Maglio Family STEM Center to Promote Technology and Growth Mindset


Challenging problems. Fun experiments. A more advanced curriculum. The Maglio Family STEM Center is a new opportunity for students to extend their boundaries of knowledge as it relates to science, technology, engineering, and math. The building, which is currently under construction and slated to open its doors in April of 2019, was named after the Maglio Family because of Mr. and Mrs. Bill Maglio’s generous donation of $2.5 million. The Maglios are grandparents of current eighth grader Cole Grande and current fifth grader Avery Grande. The new facility, located on the south side of campus near Red Dot, will be open to all lower and middle school students, and will feature new technology such as a state-of-the-art computer lab, maker spaces, and classrooms designed for coding and engineering . The STEM Center will help build a curriculum that includes STEM in all classes, especially in the Middle School.

“If you’re an English teacher and you have this terrific project that involves science, technology, engineering, or math, you have an opportunity to use that building,” said Head of Middle School Mr. Charles Hagy. “The same with any [other] teacher. [Even] Coach Keller [who teaches] P.E. wants to use it. This is not a science room. This is not a science building. This is a middle school facility that every teacher and every student will use,” said Hagy.

Middle School STEM Coordinator Mr. Matthew Oster is looking forward to what the facility will allow teachers to accomplish.

“The new STEM building will house all [of] our STEM activities, labs, [and] experiments for the whole Middle School Campus,” said Oster. “Some of the things we’re going to be doing are biotechnology, genetic transformation, we’ll be doing higher level physics with robotics. The robotics will include ROVs, Remote Operating Vehicles, [which can be used] underwater, drones, and other types of robotics using coding.” Many of the ROV’s will be programmed with the coding that students are making with CoderZ, a coding website.

Not only is this building big, but it’s actually going to be one of the biggest buildings on campus. The building has two floors and will be a total of 13,171 square feet according to Benjamin’s website. The first floor will be used by the Lower School, and the second floor, which will have three rooms, will by used by the Middle School.

Although the new building will benefit TBS’s curriculum greatly, it will also come with a very expensive price tag of over $4 million, which will be paid for with donations from the TBS community. Currently, the School is soliciting donations of$200,000 to name a room, (there are a total of five labs and makerspaces available), or $50,000 to have one’s name on a large donor wall plaque on the first floor, and $25,000 to have a small donor wall plaque ] also on the first floor. The building will also include a 30-foot Skybridge that will connect the second floor of the STEM Building and to the existing math and science building (Building 14) next door.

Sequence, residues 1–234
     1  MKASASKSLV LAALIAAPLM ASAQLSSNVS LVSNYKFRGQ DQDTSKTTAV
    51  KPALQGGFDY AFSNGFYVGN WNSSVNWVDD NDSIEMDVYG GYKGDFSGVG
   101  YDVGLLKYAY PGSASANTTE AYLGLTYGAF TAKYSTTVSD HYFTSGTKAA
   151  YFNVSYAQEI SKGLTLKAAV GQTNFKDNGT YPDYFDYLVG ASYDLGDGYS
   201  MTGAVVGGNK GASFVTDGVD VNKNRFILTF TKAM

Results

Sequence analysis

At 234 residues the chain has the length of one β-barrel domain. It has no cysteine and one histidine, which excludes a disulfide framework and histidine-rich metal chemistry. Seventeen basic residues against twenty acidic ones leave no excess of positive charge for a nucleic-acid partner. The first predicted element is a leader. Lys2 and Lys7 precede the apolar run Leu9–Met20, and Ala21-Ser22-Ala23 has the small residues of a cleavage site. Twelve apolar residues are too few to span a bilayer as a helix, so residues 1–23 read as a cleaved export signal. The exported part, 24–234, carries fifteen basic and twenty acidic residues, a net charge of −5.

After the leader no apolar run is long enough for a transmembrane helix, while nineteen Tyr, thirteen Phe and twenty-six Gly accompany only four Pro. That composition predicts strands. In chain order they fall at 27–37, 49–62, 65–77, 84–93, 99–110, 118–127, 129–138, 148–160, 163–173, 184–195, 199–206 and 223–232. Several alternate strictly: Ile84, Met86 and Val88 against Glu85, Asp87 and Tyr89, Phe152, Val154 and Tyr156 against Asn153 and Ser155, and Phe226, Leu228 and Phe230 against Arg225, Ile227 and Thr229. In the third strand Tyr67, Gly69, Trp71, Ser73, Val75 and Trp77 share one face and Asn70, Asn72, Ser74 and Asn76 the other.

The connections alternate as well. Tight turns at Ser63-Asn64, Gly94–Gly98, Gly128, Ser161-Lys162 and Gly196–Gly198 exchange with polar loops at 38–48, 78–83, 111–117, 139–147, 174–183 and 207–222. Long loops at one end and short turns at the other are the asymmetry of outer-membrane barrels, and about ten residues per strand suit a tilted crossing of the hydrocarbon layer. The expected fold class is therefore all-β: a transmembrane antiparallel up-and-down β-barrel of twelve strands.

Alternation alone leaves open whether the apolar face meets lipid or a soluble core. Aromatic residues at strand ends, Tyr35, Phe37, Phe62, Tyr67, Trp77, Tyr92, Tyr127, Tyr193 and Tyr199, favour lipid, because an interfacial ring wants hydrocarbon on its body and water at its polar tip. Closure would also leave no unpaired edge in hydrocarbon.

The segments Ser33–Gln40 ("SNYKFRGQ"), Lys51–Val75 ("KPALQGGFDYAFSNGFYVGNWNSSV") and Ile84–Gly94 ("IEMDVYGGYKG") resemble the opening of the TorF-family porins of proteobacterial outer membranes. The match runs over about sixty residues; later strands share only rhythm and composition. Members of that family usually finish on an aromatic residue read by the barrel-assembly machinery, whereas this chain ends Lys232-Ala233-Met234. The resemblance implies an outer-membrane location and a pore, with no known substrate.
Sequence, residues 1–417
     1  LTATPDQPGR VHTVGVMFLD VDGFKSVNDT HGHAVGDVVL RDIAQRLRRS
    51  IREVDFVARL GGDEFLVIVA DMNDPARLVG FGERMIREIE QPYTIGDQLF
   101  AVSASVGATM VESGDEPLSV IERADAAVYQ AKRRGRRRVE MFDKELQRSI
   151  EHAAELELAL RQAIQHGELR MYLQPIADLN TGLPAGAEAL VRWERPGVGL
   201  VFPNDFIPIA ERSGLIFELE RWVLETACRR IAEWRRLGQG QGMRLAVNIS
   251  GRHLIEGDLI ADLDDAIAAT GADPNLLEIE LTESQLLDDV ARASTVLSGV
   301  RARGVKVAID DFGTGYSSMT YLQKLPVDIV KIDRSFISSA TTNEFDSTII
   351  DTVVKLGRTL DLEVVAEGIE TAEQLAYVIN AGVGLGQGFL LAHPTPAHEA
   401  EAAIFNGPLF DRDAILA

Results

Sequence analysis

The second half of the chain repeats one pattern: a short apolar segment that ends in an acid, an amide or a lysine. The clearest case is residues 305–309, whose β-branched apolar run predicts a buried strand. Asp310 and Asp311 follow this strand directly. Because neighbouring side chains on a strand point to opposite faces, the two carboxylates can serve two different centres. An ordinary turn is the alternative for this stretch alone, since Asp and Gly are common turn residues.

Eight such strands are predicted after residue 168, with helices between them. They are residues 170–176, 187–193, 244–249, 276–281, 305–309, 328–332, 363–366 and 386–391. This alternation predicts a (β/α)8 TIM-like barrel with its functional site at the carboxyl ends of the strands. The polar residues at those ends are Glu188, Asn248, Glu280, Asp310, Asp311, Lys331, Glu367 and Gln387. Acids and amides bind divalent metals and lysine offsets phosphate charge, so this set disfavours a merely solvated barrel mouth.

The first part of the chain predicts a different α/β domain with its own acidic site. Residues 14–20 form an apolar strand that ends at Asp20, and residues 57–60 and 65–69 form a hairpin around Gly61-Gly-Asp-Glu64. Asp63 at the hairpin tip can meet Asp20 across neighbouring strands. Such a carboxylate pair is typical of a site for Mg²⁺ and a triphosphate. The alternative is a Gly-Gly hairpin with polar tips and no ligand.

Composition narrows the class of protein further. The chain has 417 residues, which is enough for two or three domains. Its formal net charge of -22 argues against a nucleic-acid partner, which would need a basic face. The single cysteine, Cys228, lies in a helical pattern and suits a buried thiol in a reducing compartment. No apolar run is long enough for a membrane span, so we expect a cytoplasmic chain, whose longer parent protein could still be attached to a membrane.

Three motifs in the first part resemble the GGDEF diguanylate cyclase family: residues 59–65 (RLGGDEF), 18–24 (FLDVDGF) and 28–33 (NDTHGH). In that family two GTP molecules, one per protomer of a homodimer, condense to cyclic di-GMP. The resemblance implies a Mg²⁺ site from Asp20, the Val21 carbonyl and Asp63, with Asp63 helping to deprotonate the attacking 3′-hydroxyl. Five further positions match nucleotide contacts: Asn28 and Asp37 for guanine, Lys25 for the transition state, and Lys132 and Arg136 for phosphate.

“One of [the rooms will be] devoted to biotechnology, one of them [will be] devoted to engineering and building [and] designing things, [and] the other room will be a design fabrication lab and a coding lab,” said Hagy.

Mr. Oster commented, “My favorite part [of the new STEM Building] will be watching the students getting excited about science,” said Oster. We’re going to be doing some real experiments and problems.”

The new facility indeed will allow students to learn a great deal while also having fun.

“[I am excited for] the computers, the 3D printers, and all the [other] new tech.,” said eighth grader Aadi Patel.

“A larger science facility [that has] a lot more resources will help our school curriculum,” added seventh grader Zoe Cooper. “The new building will provide improved equipment [and] a lot more space for all the classes,” said seventh grader Chase Malmala. I’m really excited for the STEM curriculum in general [especially because] math and science are some of my favorite subjects.”

Although the STEM Building is scheduled to be completed in April of this school year Oster has a plan to speed up the process by moving the equipment from the old science rooms to the new STEM Building. “[My] science room already has a lot of the equipment for the new building,” he said. This way in April, hopefully when we get occupation, we literally just move all the equipment from this room into the three different rooms that will be used [for the Middle School].”

According to Mr. Hagy, the Maglio Family STEM Center will not only introduce students to new technology, but help foster a growth mindset. “It’s really going to promote project-oriented thinking on campus, and [it will] really help us problem solve more effectively,” he said. “[Sometimes students] fail, go back, try another version, try the same problem, fail again, and on the third or fourth time they find success. It’s that resilience [and] perseverance that [we] really want kids to master.”